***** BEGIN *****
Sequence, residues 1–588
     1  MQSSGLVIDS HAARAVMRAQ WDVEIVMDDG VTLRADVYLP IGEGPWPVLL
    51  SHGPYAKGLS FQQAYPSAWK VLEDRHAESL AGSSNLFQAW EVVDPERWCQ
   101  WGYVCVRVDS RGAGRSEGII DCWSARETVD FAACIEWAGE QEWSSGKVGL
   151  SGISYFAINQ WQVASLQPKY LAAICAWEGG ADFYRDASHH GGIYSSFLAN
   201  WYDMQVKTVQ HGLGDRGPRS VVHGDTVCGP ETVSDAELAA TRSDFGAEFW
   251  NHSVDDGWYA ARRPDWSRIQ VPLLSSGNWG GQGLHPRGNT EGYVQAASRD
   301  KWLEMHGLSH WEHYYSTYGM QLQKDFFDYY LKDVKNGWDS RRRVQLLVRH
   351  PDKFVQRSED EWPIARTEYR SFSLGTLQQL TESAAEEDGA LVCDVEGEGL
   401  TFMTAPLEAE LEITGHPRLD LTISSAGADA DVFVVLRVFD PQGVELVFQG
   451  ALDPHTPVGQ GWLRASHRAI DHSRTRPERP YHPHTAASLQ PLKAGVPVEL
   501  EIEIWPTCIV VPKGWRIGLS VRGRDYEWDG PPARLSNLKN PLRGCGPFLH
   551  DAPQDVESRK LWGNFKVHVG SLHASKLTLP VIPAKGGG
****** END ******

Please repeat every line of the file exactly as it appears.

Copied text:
Sequence, residues 1–588
     1  MQSSGLVIDS HAARAVMRAQ WDVEIVMDDG VTLRADVYLP IGEGPWPVLL
    51  SHGPYAKGLS FQQAYPSAWK VLEDRHAESL AGSSNLFQAW EVVDPERWCQ
   101  WGYVCVRVDS RGAGRSEGII DCWSARETVD FAACIEWAGE QEWSSGKVGL
   151  SGISYFAINQ WQVASLQPKY LAAICAWEGG ADFYRDASHH GGIYSSFLAN
   201  WYDMQVKTVQ HGLGDRGPRS VVHGDTVCGP ETVSDAELAA TRSDFGAEFW
   251  NHSVDDGWYA ARRPDWSRIQ VPLLSSGNWG GQGLHPRGNT EGYVQAASRD
   301  KWLEMHGLSH WEHYYSTYGM QLQKDFFDYY LKDVKNGWDS RRRVQLLVRH
   351  PDKFVQRSED EWPIARTEYR SFSLGTLQQL TESAAEEDGA LVCDVEGEGL
   401  TFMTAPLEAE LEITGHPRLD LTISSAGADA DVFVVLRVFD PQGVELVFQG
   451  ALDPHTPVGQ GWLRASHRAI DHSRTRPERP YHPHTAASLQ PLKAGVPVEL
   501  EIEIWPTCIV VPKGWRIGLS VRGRDYEWDG PPARLSNLKN PLRGCGPFLH
   551  DAPQDVESRK LWGNFKVHVG SLHASKLTLP VIPAKGGG